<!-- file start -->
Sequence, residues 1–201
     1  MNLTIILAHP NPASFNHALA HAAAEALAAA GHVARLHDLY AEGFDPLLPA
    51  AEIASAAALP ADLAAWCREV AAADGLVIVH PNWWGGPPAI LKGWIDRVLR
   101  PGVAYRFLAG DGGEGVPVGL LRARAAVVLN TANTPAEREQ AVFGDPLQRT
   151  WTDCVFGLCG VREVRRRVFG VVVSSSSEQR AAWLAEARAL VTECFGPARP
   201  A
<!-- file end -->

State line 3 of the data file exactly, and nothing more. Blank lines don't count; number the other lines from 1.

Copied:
    51  AEIASAAALP ADLAAWCREV AAADGLVIVH PNWWGGPPAI LKGWIDRVLR